There are numerous online articles about brain machines, such as What are Brain Machines? at BrainMachines.com and Sound-and-Light Show as a Stress Reducer, a New York Times “premium content” article available for US$2.49.
One of the largest manufacturers of brain machines is Photosonix, which makes several different models as well as glasses with every conceivable color of LEDs. Most Photosonix Light and Sound machines are programmable using your computer, and you can also download new patterns (called sessions) from their Web site.
Online stores that carry a wide selection of brain machines from a variety of manufacturers include:
If you want to build your own brain machine, you can order plans or a kit from Future Horizons. Let me just say, though…they’ve got some weird stuff there. Caveat emptor.
For an audio-only approach to brainwave synchronization, check out Centerpointe Research Institute. Their program (on cassette or CD) is extraordinarily expensive (just the first of 13 progressively deeper phases costs $159). On the other hand, I must say I found the free online demo extremely convincing. Your mileage may vary, of course.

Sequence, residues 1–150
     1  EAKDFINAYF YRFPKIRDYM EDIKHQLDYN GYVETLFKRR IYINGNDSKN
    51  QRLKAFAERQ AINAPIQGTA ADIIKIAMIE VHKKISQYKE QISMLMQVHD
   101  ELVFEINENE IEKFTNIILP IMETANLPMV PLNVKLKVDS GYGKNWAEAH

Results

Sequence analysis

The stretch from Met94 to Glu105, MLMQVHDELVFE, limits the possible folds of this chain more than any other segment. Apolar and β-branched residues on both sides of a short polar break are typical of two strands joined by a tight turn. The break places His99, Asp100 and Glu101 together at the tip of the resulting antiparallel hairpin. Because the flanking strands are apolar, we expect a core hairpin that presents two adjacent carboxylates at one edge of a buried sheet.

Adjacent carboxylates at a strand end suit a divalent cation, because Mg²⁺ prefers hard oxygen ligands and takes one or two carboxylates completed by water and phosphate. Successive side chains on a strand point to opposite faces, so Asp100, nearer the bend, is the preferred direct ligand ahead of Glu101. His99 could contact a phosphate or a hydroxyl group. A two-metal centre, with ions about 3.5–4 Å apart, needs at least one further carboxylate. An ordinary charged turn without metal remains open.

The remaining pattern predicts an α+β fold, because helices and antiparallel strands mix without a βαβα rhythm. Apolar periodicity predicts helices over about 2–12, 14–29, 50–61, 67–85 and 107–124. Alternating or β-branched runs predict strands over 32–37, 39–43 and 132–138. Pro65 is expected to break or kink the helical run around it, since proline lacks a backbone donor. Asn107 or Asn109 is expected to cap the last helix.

The Sharper Image no longer sells brain machines.
℗ & © 2004, alt concepts. All rights reserved.
Despite the explosive outcry against the political sentiment and executive orders being pushed under the Trump administration, Shawn Baldwin, chairman of the AIA Group, says there are plenty of ways for African Americans to prosper in our current economic and political environment. In fact, Baldwin explained 4 Ways Black People Can Thrive Under the Trump Administration earlier this month. In a follow-up phone interview with Black Enterprise, the internationally renowned investor discussed how and why African Americans should purchase property while Trump is in office as a means to generate wealth.